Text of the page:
We all get excited about finding things we weren’t meant to see, but for an Internet historian there’s a special kind of excitement in discovering official Twitter test accounts.
Of course, these accounts (or at least the ones we can feasibly see) are not secret as in classified. If Twitter had wanted to keep them strictly hidden, they wouldn’t be live on the open web with public status. But most of them are very, very obscure, and are therefore secret on the basis that hardly anyone knows about them.
In this post, I’m going to reveal some of these characteristic Twitter test accounts to you. We’ll be looking at a few important components in the history of Twitter’s development, which only a very small number of people outside Twitter have previously seen.
Let’s begin with the account that tested Twitter’s direct photo uploads before the feature ever went public. Officially, prior to 2nd June 2011, tweets had no means of accepting direct image uploads. But in the deep underground of an unknown profile called @TheTwoffice, there’s evidence of direct photo uploads having taken place before that day of launch. And this makes for a fascinating discovery, because the only people who could have tweeted natively uploaded images before it was officially possible, would have been Twitter employees, or close associates.
Once you see that date – 1st June 2011 – on a photo-tweet, you know you must be looking at a Twitter test account. It’s something no one can fake. The use of a Twitter feature, before the feature existed.
Actually, if you explore the contents of @TheTwoffice further, you’ll see a lot of interesting remnants from the period before photos officially “took flight” on Twitter. You’ll notice that the subdomain Twitter uses to host its native photos (pic.twitter.com) was receiving content at least as early as 9th May 2011. Indeed, it was during a search for the earliest use of that image-dedicated subdomain that I discovered this particular test account.
What surprised me was that virtually no one else had made the same discovery. Even today, over five years after the historic launch of direct image uploads in tweets, @TheTwoffice has only 14 followers, and has not yet been beset with Likes or RTs. If you’re reading this post as a WordPress follower, as it goes out, you join me as one of the first outside of Twitter and its associates to know about this testbed, and gain a window into the actual testing sequence for direct photo uploads in tweets.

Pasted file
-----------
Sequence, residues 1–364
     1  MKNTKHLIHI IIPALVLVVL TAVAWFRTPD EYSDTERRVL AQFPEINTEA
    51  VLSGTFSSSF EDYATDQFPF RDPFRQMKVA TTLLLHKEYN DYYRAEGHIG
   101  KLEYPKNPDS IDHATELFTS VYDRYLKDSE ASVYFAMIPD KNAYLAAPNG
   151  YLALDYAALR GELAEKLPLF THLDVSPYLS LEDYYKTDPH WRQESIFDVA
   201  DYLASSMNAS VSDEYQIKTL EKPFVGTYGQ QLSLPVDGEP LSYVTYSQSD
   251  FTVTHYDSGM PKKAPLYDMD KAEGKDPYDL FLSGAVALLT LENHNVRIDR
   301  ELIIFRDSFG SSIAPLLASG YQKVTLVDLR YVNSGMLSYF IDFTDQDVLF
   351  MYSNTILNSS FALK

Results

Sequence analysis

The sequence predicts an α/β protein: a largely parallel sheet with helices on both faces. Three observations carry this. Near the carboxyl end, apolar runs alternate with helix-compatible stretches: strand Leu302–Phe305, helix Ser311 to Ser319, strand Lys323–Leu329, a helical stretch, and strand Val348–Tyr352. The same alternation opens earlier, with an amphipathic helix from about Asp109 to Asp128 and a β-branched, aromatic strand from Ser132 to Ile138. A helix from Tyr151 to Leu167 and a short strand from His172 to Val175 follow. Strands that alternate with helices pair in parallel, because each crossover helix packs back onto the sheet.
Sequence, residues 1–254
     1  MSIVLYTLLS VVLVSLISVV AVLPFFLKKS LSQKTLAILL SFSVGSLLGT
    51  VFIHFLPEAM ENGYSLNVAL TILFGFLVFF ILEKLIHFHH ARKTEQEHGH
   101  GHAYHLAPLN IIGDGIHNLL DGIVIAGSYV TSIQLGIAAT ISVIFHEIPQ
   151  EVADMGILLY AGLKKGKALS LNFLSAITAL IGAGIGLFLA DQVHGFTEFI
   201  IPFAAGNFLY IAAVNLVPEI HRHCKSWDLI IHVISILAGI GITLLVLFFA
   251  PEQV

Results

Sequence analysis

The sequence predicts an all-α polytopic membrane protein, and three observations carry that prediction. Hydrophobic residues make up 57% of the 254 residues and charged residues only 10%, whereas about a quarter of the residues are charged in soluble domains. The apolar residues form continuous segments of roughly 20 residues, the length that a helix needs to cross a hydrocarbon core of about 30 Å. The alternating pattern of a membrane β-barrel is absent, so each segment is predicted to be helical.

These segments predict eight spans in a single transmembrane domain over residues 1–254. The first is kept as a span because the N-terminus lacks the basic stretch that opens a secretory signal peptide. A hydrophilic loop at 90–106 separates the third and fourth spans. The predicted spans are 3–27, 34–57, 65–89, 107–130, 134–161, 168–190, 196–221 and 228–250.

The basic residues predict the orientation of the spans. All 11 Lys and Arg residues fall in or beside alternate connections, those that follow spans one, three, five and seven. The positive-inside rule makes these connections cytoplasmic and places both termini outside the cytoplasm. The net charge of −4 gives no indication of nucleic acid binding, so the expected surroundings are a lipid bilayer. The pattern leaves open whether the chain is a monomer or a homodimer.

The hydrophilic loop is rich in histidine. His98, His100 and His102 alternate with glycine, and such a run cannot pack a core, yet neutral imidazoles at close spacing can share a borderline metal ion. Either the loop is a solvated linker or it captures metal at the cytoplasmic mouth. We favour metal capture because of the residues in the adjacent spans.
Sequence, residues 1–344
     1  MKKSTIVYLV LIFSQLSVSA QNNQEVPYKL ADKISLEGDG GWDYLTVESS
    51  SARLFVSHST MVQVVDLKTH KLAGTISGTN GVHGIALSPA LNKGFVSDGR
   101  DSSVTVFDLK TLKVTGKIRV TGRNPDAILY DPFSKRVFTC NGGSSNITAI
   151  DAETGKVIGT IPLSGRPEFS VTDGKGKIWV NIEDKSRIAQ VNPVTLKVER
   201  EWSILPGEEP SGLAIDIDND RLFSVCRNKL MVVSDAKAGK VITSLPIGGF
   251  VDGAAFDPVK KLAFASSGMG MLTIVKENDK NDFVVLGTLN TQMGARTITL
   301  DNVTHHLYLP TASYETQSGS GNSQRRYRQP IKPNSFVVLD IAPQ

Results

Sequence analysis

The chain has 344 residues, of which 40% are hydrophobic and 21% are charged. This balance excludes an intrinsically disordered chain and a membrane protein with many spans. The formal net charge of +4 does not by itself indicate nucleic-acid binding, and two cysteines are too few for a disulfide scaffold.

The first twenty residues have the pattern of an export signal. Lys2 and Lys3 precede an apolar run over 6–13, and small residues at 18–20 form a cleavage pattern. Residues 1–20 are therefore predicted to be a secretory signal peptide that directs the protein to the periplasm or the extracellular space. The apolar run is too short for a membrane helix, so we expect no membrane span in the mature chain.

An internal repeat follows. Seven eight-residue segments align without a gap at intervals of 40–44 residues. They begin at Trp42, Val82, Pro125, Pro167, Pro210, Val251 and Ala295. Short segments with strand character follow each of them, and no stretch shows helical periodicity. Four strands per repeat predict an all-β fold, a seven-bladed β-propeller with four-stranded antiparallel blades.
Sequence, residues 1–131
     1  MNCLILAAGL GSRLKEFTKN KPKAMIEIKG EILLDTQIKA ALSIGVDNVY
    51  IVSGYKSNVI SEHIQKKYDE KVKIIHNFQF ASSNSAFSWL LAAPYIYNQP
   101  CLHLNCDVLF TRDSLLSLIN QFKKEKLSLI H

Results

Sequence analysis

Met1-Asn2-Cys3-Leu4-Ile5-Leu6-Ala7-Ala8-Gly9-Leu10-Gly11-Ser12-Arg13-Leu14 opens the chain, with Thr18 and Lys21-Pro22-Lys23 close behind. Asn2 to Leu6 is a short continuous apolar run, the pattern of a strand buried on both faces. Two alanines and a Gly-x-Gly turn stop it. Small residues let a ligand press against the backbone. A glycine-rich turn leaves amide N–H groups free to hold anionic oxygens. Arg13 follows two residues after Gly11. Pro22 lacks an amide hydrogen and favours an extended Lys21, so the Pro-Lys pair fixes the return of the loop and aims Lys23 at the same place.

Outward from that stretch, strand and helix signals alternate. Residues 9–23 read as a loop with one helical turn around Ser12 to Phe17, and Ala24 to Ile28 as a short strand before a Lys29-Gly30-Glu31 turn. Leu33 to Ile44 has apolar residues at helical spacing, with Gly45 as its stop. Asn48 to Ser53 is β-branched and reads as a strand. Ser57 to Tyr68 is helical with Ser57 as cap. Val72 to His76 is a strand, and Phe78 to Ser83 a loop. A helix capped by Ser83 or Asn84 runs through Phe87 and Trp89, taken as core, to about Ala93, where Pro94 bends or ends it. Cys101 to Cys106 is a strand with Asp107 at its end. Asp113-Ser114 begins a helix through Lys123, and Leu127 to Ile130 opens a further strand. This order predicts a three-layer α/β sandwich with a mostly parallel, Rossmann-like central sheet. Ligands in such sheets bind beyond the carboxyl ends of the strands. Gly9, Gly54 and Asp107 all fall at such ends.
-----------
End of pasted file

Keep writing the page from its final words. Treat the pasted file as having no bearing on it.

But if you’ve read my detailed studies on finding/exposing Twitter catfish, and recovering sequences of old @usernames, you may already be a step ahead of this article. You may, in fact, have moved on from the discovery of this test account, to the scope for finding others.
On Twitter, things naturally connect together. One test account is highly likely to connect to others. All you have to check, is the follow lists…
@TheTwoffice was an undiscovered account, so the follow lists were in very pure and uncorrupted shape. No invasions from the herd of Twitter geeks, etc. So it was the simplest and most immediate task in the world to round up, from @TheTwoffice’s follow lists, a number of other Twitter test accounts – some even more obscure than the initial discovery, and showing followers totals of between 0 and 2. You can see some of the profiles above, along with @TheTwoffice’s Following list of six profiles – including @BarackObama. @BarackObama isn’t a test profile, obviously, although you will see evidence of testing relating to that account…
Of course, the implications of all this stretch beyond mere windows into Twitter’s past. Twitter also needs to test for the future. Right now, Twitter is developing new features, for new times, and these things have to be tested before being rolled out across the site. Discovering current test operations is admittedly more difficult than discovering historical test accounts, because there are no points of reference – you’re groping around in the dark.
But if you dig deep into my Twitter Fakes and Old Usernames posts, then use the info contained therein to start an exploration, with a few known test profiles as your jumping off point, you never know what you might run into…